In America today, children grow up knowing Santa as a jolly old man, and he is the one who delivers the presents every Christmas Eve to homes all over the world. In order to accomplish such a feat, he flies through the air on a sled led by magical reindeer and has help from elves to make the toys. Since Santa keeps a list of children who have been naughty and nice, this notion gives children a reason to behave all year round so they receive gifts instead of coal.
In an effort to keep the spirit of Christmas alive for boys and girls, parents often go above and beyond the call of duty. Some eat and drink the milk and cookies that are put out for Santa, while others wrap “Santa’s” gifts in different wrapping paper. How do you prove the existence of flying reindeer, you might wonder? Some dedicated mothers and fathers use the household pet to make tracks in the snow. When children are young, it’s amazing what parents will do to preserve the magic of Christmas.
The History of Santa Claus
The familiar Santa we know today wasn’t always portrayed this way. His image originated from Sinterklaas, which was a Dutch figure in the 17th century. Sinterklaas visited homes on Christmas Eve, December 24 or his Feast Day, December 6 (Saint Nicholas Day) and brought presents to children late at night while they were sleeping. In Greece, the mythological figure delivering presents was Basil of Caesarea, and he would exchange gifts on his Feast Day, January 1.
The Dutch imagery of St. Nick was put to life in 1809 by Washington Irving when he published History of New York. In Irving’s description, he had Santa riding horseback to travel, but later in 1823, writer Clement Clark Moore elaborated in his poem “A Visit from Saint Nicholas” and added reindeer, elves and the chimney into the picture. Between the 1860s and 1880s, illustrator Thomas Nast created the first American image of Santa Claus in issues of Harper’s magazine. This is when Santa gained pounds, a workshop at the North Pole, and the infamous list of good and bad children.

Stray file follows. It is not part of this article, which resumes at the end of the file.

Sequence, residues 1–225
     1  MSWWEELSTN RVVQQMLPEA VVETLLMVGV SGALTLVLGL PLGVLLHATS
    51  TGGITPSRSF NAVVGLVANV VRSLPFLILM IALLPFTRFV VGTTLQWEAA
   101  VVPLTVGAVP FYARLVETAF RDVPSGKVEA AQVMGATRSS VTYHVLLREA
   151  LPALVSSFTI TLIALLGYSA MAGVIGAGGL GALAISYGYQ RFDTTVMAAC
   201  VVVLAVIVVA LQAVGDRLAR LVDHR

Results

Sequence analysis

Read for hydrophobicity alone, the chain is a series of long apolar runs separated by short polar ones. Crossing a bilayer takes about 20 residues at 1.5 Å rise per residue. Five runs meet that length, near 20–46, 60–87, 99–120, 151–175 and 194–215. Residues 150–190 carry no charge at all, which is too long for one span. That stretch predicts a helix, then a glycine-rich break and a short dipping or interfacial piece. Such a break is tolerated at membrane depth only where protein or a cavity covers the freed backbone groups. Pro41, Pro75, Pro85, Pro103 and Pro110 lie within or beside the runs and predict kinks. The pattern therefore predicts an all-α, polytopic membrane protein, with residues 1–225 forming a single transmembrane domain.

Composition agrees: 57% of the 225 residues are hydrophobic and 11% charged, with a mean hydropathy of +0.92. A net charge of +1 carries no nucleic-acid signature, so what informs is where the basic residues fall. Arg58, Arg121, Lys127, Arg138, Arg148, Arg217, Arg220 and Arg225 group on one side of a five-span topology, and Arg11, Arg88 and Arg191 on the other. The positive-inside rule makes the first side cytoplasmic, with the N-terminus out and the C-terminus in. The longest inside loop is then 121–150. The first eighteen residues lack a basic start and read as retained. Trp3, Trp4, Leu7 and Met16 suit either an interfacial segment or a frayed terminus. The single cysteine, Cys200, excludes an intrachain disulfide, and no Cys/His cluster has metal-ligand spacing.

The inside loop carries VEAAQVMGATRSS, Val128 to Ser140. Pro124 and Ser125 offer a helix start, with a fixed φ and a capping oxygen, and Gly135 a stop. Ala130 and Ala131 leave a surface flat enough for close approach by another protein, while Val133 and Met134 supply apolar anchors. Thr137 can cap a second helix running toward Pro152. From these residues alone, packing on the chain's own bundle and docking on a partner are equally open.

Finally, in 1931, the fashionably red suited Santa became an iconic figure for Coca-Cola advertisements. Interestingly enough, in 1939, Montgomery Ward Company was responsible for inventing the ninth and most memorable reindeer, Rudolph who had the bright red nose.
The imagery of Santa didn’t come from one source. It has evolved over time from its early Christian origins and Germanic and Dutch folklore to its modern and American variations. Over time, this unforgettable Christmas character has been significant to the enjoyment, magic and whimsy that kids and adults alike relish in during this special time of year.
Santa Claus may have derived from legend, but it doesn’t mean you can’t add his charm and grace to your holiday home décor. ‘Tis the season to get in the spirit, and regardless of your religion, you can have fun decorating and creating a winter wonderland indoors for family and friends to wonder over.
Santa inspired tree ornaments are one touch you don’t want to forget this year. Even if it’s not tradition for your family to have a tree, you can decorate your doors and indoor plants with them. Also, to get children excited, you can surprise them with a real life Santas, and props like a Santa chair and foot rest will really thrill them.
Another option is to give your home a more modern look with an illuminated life size Santa. Or, why not try a Santa on a motorcycle? This is definitely a unique look, but you can always go with more traditional styles like Santa holding a toy bag or Santa with a train and bear.
Just imagine your home this holiday season…it could be filled with fanciful elements such as a life size Santa, sparkling snowflakes and maybe other large Christmas ornament figures like an elf or reindeer too. You can design a delightful atmosphere inside and out that will thrill children of all ages. Ho, ho, ho…Merry Christmas!
ABOUT THE AUTHOR
Marina Hanes is a writer and owner of Cat’s Eye Editing, LLC. She received a B.A. in Professional Writing & Editing from Youngstown State University, and her professional area of focus is Environmental Studies.